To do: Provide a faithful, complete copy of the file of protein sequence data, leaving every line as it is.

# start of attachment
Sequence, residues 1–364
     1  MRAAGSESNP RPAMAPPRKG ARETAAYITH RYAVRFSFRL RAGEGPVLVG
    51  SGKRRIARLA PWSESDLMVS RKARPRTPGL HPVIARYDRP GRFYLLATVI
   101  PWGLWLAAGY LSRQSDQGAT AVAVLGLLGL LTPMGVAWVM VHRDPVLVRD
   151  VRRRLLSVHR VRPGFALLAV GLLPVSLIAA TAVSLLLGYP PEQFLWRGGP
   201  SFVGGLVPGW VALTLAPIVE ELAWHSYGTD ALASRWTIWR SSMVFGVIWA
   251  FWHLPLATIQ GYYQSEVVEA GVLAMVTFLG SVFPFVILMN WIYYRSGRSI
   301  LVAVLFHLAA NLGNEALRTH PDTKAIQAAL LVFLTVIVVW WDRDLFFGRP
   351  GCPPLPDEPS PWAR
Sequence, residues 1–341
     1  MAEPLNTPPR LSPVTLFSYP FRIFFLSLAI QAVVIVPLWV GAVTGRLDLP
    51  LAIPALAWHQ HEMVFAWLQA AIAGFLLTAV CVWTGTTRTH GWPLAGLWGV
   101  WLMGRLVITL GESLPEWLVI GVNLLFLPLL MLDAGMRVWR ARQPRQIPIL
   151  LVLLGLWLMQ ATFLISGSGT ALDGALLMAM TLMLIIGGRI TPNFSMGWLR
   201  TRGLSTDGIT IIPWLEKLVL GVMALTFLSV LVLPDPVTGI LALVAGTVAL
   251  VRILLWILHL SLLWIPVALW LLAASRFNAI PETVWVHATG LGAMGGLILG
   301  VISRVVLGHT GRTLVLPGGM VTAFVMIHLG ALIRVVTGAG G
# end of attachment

Sequence, residues 1–364
     1  MRAAGSESNP RPAMAPPRKG ARETAAYITH RYAVRFSFRL RAGEGPVLVG
    51  SGKRRIARLA PWSESDLMVS RKARPRTPGL HPVIARYDRP GRFYLLATVI
   101  PWGLWLAAGY LSRQSDQGAT AVAVLGLLGL LTPMGVAWVM VHRDPVLVRD
   151  VRRRLLSVHR VRPGFALLAV GLLPVSLIAA TAVSLLLGYP PEQFLWRGGP
   201  SFVGGLVPGW VALTLAPIVE ELAWHSYGTD ALASRWTIWR SSMVFGVIWA
   251  FWHLPLATIQ GYYQSEVVEA GVLAMVTFLG SVFPFVILMN WIYYRSGRSI
   301  LVAVLFHLAA NLGNEALRTH PDTKAIQAAL LVFLTVIVVW WDRDLFFGRP
   351  GCPPLPDEPS PWAR
Sequence, residues 1–341
     1  MAEPLNTPPR LSPVTLFSYP FRIFFLSLAI QAVVIVPLWV GAVTGRLDLP
    51  LAIPALAWHQ HEMVFAWLQA AIAGFLLTAV CVWTGTTRTH GWPLAGLWGV
   101  WLMGRLVITL GESLPEWLVI GVNLLFLPLL MLDAGMRVWR ARQPRQIPIL
   151  LVLLGLWLMQ ATFLISGSGT ALDGALLMAM TLMLIIGGRI TPNFSMGWLR
   201  TRGLSTDGIT IIPWLEKLVL GVMALTFLSV LVLPDPVTGI LALVAGTVAL
   251  VRILLWILHL SLLWIPVALW LLAASRFNAI PETVWVHATG LGAMGGLILG
   301  VISRVVLGHT GRTLVLPGGM VTAFVMIHLG ALIRVVTGAG G